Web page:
Don’t miss: Meeting the park’s resident creatures: two friendly goats who will let you pet them and feed them (park-approved food of course!).

I’ll end with a thanks to Raleigh city, county, state, community, and business leaders who have worked and donated to establish and ensure on-going support for these fabulous public spaces. I’m just excited to see how the newest park in the works, Dix Park, has blossomed when we return to Raleigh!

Communicating global change

Poster design by Matt Abele

Poster design by Matt Abele

For my graduate Communication Campaigns course at NC State this past spring, a group of us developed a communication campaign proposal for the Southeast Climate Science Center‘s (SE CSC) inaugural Global Change Symposium. Recently, we checked in to find that the good folks at SE CSC were able to implement many of our tactics.

This Global Change Symposium, which will be held on August 28, is a first-time “meeting of the minds” of researchers, faculty, students, administrators at NC State. The SE CSC envisions this event as an opportunity to unite the various efforts across the campus to address global change.

What is global change, you say? Good question! It is a broad term meant to capture many of the complex changes occurring with regard to earth’s environmental, population, and food systems. Effectively conveying the importance and relevance of this broad concept was one of the fundamental challenges of the campaign.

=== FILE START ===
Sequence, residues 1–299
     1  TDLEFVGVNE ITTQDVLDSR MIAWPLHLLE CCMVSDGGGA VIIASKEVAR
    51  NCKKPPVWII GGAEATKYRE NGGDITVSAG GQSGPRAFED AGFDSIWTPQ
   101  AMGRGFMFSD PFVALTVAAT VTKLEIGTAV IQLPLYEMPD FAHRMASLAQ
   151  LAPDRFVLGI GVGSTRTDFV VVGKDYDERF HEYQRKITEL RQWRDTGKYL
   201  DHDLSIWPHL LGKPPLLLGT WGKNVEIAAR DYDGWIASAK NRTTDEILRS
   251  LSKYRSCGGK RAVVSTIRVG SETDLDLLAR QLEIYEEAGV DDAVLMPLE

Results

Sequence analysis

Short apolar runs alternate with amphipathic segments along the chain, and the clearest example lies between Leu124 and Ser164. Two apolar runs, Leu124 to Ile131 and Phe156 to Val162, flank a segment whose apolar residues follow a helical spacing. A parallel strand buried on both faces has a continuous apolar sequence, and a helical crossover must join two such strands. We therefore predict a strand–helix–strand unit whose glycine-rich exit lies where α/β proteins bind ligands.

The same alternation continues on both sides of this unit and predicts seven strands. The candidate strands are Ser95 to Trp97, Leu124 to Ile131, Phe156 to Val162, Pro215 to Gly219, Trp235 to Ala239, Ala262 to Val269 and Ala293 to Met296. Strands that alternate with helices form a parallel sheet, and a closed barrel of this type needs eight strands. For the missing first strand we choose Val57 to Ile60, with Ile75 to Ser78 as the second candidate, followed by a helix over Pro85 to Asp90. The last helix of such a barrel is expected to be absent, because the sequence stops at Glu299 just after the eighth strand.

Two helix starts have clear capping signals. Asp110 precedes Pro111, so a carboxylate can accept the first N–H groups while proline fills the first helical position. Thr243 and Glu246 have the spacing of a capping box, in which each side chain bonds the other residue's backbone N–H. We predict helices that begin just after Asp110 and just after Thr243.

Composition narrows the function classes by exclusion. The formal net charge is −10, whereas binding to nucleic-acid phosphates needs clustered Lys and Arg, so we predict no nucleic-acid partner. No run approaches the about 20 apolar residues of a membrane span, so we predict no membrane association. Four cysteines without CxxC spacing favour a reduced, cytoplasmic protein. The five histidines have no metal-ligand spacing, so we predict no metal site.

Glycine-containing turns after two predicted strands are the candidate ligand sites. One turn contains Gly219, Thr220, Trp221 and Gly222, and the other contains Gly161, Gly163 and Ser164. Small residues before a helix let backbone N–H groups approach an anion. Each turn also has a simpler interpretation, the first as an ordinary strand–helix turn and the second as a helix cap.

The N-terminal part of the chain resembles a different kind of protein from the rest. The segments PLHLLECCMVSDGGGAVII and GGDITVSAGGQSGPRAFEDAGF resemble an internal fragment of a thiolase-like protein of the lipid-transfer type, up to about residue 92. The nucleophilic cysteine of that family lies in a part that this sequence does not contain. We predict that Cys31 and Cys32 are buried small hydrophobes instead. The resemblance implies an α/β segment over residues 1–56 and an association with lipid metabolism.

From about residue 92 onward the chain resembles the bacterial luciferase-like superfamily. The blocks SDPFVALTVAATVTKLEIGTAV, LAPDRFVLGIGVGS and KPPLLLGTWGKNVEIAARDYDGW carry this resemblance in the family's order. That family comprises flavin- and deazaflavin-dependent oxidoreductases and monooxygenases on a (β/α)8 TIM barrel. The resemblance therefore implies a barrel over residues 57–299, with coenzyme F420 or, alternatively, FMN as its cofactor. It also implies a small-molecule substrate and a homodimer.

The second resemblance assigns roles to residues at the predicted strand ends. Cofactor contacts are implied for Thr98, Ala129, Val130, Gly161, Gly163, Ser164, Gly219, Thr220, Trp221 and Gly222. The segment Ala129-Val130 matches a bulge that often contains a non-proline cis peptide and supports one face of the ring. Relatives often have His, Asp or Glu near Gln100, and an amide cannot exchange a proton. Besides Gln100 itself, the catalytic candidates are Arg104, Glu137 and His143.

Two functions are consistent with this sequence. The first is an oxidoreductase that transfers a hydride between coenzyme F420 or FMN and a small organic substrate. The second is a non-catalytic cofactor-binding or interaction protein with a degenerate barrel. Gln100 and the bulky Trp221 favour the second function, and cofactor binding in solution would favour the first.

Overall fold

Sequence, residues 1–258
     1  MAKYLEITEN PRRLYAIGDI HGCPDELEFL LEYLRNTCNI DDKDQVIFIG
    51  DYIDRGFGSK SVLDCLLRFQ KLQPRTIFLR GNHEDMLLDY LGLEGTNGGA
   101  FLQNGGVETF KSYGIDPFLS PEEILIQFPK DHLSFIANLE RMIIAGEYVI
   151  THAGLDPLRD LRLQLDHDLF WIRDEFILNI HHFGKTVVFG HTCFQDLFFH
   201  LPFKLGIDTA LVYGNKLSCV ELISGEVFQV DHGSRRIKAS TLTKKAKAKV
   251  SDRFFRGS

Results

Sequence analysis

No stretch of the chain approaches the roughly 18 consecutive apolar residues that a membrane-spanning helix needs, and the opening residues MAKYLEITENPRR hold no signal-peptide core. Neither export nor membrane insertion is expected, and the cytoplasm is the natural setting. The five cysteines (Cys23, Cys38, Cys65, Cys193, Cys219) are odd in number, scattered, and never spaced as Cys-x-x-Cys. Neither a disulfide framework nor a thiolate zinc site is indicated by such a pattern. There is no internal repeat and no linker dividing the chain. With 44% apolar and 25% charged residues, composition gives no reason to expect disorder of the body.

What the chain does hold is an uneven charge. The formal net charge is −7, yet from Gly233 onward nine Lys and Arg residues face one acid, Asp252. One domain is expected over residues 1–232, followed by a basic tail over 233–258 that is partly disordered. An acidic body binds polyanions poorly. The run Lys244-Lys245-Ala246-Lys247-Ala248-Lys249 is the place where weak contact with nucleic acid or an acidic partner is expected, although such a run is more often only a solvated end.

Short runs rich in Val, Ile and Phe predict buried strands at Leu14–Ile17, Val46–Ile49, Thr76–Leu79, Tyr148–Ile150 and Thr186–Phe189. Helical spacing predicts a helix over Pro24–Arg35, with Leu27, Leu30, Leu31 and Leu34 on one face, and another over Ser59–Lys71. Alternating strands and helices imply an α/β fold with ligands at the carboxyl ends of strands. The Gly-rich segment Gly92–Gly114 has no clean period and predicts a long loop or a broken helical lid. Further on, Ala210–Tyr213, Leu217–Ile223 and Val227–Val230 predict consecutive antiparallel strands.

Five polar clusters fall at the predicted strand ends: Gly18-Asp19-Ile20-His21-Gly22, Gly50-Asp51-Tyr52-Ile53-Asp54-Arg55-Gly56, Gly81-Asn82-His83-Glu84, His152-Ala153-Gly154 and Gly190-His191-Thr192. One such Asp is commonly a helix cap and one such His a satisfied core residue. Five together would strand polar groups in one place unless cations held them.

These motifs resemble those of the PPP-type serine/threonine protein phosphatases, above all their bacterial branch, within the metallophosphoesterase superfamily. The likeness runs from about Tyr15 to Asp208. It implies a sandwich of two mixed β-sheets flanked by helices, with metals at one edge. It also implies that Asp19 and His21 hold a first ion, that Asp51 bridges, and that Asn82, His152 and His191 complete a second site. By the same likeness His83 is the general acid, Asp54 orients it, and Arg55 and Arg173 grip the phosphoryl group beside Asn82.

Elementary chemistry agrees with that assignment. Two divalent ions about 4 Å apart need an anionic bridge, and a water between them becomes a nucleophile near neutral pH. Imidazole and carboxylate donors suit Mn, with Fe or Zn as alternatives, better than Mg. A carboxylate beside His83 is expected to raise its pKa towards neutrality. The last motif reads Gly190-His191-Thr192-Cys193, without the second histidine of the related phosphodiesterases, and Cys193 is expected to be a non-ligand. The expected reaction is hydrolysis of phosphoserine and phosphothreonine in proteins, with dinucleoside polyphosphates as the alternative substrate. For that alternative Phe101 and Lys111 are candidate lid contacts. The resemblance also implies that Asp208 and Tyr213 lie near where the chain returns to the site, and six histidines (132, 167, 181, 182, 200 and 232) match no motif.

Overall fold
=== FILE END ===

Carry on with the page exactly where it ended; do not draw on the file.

From our proposal

The problem: Engage and persuade a diverse audience of stakeholders to attend the inaugural Global Change Symposium. Audiences included professors/researchers, administrators, and graduate students. SE CSC sought to engage an interdisciplinary group of researchers to unite the varying efforts of researchers across campus.

The solution: Create targeted messages for subgroups by type of audience and academic discipline using strategic channels to both inspire interest and justify benefits of attending the symposium.

As a team, we reviewed literature about communication campaigns, determined campaign goals, conducted focus group with stakeholders, developed messaging and communication assets, pretested messages with stakeholders, and created an evaluation plan. All of this culminated in a 80+ page campaign proposal which we presented to SE CSC in April.